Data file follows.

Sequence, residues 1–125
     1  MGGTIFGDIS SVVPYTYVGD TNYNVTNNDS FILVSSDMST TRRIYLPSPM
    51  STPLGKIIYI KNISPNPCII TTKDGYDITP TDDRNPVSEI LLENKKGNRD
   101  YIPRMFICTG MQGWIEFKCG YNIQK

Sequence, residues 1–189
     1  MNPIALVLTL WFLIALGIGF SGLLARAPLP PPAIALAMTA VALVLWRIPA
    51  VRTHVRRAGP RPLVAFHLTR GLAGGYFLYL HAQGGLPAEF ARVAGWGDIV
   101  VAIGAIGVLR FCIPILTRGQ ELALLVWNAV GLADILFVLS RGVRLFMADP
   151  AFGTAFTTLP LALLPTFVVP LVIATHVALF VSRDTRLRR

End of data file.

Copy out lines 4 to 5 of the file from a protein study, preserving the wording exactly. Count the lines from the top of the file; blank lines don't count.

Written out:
   101  YIPRMFICTG MQGWIEFKCG YNIQK

Sequence, residues 1–189